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  1. #1
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    My max observed heart rate is periodically going up. Good/bad/neither?

    Starting cycling last summer. Within a month or two I hit some new observed max hit rates and didn't think much of it.

    This spring, when I push myself 100% for some 30 second time window, etc, I'll max my heart rate. Only it seems to be getting higher from month to month.

    Last summer a 100% effort landed me at 180. Today I hit some highs when I did some sprinting during our 25 mile daily ride and my max observed is now 187.

    Now, I realize that raising your max heart rate has little to do with what we're trying to accomplish in training. Training (to me) is mostly about how much power I can put out at a sustainable pace, how long I can maintain that pace, etc.

    But as a side note, is this increasing max heart rate typical? 187 seems rather high and I'm wondering if it'll keep going up! I'm 36. I'm riding frequently enough that I would definitely consider myself to be in good shape (albeit with more pounds to lose).

  2. #2
    Travelling hopefully chasm54's Avatar
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    It is neither good nor bad. And in fact, your maximum HR is probably what it always was, it's just that as you are feeling fitter and getting used to greater efforts you are pushing harder, for longer, than you used to.

    People vary enormously in their max HR, and it means virtually nothing. 187 is not unusual at all, especially not for someone fairly young. I am 57 and saw 182 last month, when sprinting for fun with some kids. My max these days is probably in the mid- to high-180s.
    There have been many days when I haven't felt like riding, but there has never been a day when I was sorry I rode.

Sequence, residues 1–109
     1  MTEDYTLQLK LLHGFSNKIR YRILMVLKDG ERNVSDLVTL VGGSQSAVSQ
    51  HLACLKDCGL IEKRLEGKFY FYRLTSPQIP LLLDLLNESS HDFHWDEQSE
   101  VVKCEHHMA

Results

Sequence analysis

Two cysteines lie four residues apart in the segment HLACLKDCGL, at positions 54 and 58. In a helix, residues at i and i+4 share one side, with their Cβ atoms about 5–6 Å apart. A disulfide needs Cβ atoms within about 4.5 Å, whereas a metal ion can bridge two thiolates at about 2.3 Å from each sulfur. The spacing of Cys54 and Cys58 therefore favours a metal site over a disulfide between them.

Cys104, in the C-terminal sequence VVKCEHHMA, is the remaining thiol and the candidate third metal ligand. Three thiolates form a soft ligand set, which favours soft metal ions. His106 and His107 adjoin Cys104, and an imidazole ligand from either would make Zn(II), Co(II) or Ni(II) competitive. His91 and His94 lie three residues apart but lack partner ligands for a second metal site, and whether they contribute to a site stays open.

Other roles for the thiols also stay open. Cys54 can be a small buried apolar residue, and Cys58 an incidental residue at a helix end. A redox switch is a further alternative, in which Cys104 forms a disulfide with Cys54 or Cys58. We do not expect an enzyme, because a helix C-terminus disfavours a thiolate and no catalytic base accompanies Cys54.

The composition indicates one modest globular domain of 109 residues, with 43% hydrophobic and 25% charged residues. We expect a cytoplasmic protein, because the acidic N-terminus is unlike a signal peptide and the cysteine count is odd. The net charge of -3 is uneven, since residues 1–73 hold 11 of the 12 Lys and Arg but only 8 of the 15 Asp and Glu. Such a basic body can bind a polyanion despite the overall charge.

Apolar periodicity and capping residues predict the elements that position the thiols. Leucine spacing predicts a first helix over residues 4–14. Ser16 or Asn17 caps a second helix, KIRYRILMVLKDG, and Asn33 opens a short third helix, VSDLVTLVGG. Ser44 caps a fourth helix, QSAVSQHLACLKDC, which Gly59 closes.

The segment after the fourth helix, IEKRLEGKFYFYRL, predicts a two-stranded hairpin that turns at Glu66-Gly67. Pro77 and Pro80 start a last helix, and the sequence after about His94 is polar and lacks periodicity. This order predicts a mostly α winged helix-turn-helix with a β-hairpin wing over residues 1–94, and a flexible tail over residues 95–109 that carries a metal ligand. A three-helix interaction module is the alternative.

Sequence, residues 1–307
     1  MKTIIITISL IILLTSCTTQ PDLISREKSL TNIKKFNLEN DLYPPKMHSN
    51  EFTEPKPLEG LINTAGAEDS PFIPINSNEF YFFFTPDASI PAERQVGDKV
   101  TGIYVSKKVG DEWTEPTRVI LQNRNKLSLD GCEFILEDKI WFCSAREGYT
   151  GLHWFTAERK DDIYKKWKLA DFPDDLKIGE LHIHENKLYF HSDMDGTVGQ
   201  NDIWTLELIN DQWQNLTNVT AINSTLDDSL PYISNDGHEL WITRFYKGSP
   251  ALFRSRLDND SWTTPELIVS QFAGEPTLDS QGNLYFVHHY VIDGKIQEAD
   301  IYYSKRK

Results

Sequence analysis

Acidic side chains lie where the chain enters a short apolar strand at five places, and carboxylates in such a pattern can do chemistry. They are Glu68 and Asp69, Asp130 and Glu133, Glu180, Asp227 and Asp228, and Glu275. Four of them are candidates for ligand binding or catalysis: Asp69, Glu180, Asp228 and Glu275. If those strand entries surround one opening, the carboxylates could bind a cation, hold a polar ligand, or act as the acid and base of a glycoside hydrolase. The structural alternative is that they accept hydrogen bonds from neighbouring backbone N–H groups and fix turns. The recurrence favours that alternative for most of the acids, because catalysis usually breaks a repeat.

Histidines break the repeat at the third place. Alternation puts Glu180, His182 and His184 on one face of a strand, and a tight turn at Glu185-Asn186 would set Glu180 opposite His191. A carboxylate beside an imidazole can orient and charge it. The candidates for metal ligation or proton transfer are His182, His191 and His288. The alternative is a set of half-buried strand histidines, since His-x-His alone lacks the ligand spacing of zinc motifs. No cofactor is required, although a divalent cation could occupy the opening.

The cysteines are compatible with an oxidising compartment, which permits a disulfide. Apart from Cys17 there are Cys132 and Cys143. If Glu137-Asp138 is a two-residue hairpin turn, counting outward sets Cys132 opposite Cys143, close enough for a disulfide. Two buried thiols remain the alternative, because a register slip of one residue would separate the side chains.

3. #3
    Because I thought I could ks1g's Avatar
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    What he said. I hit 181-182 earlier this week doing hill repeats. According to the often-quoted but not particularly valid "Max HR = 220-age" formula, I either should be dead (I'm also 57) or my "max" is that of a 38yo. My observed max has been in the low 180s for several years. It isn't something I pay much attention to (other than "boy, that part of the ride was HARD!") unless I'm kidding my wife she's actually married to amuch younger man!

    Much more useful is the heart rate where you transition from aerobic activity to anaerobic. There are various protocols listed here, in the road racing forum, and in plenty of web sites and books on how to test for and then use that number, and the limitations associated with using heart rate.

  4. #4
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    Your maxHR varies depending on the activity. Running generally elicits a higher maxHR than cycling. In my case it took a season or two of cycling to reach a similar HR that I had in running. I assume that as your legs adapt to training they can put a greater stress on your heart leading to a higher HR. Ultimately it's your cardiac output that's important and that is a function of stroke volume and heart rate. If your stroke volume increases your maxHR may actually go down with increasing fitness.

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